The lattice parameter (a) obtained by using XRD data lies in the range of 8.42–8.44 °A for different Mg concentrations, as shown in Fig. 2(b) and Table I. It decreases with the increasing Mg concentration, thus, obeying Vegard’s law.19 Vegard’s law is based on the changes due to the ionic radii of replacing and replaced ions and predicts the linear change in the lattice parameter for the spinel system with the substitution of different ions. The ionic radius of the Mg2+ ion (0.65 Å) is smaller than that of the Zn2+ ion (0.83 Å), and thus, causes an effective decrease in the lattice constant. Similar results were presented earlier by Rahman et al.,12 and Salah et al.20 Therefore, a linear decrease in the lattice spacing indicates that the Mg ions replace the Zn ions in the Zn ferrite matrix.21 This elucidates the decrease of the lattice constant with Mg doping, and also confirms that Mg is occupied in the lattice of spinel ferrite.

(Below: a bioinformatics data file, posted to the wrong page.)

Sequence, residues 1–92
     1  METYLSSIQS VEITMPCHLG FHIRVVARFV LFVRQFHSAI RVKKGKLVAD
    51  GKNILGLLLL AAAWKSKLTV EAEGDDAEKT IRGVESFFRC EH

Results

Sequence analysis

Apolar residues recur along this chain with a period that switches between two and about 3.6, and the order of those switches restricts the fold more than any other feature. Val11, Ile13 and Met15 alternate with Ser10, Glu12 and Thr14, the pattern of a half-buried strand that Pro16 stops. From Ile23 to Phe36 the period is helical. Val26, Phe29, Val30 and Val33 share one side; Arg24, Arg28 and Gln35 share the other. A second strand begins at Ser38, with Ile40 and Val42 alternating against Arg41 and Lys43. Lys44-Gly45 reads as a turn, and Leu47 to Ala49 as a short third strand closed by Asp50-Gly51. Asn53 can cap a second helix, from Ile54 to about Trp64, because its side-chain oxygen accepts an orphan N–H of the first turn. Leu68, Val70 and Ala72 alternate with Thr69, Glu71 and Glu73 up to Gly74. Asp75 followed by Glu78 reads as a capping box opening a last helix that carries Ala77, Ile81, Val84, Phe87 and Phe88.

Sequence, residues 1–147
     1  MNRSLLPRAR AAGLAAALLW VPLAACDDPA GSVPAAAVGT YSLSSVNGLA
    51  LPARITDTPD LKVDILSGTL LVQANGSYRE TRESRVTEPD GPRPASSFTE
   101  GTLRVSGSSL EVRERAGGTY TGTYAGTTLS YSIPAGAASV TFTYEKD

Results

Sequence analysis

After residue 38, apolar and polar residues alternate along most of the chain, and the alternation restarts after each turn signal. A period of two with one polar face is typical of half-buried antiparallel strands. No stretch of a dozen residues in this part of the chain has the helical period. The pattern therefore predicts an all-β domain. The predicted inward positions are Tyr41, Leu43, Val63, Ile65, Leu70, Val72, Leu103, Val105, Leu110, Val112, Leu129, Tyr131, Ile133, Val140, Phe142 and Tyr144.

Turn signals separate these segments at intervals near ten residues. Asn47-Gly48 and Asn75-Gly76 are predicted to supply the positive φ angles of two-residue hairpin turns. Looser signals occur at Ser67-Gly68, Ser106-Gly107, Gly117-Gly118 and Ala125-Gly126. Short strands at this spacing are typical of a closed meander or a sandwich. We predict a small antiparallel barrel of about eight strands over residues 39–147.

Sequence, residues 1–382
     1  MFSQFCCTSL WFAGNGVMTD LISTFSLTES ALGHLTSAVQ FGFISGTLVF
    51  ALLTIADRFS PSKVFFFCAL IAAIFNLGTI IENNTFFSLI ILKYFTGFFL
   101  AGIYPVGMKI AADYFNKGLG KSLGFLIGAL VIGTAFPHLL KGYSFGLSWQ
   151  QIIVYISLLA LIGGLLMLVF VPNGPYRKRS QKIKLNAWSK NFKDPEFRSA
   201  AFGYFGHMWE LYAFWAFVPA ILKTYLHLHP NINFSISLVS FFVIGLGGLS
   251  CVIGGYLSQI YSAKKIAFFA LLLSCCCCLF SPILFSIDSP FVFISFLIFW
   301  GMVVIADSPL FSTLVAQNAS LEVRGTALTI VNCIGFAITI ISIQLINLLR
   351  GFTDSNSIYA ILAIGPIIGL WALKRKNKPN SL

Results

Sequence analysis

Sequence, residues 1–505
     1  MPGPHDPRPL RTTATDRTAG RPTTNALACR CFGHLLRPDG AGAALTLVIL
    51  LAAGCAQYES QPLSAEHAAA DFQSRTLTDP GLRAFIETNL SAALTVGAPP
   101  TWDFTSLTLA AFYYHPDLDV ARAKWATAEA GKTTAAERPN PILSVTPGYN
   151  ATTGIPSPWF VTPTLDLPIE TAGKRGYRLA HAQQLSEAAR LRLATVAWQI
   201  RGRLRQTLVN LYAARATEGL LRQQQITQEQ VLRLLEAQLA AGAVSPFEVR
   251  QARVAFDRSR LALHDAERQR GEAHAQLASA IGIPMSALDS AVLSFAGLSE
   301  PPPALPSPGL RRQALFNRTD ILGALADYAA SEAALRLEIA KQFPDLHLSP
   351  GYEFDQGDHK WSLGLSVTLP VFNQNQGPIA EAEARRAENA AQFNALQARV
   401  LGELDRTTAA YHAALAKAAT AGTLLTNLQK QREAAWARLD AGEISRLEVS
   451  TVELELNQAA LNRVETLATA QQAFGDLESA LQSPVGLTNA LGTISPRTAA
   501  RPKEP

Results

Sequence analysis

B. Raman spectroscopy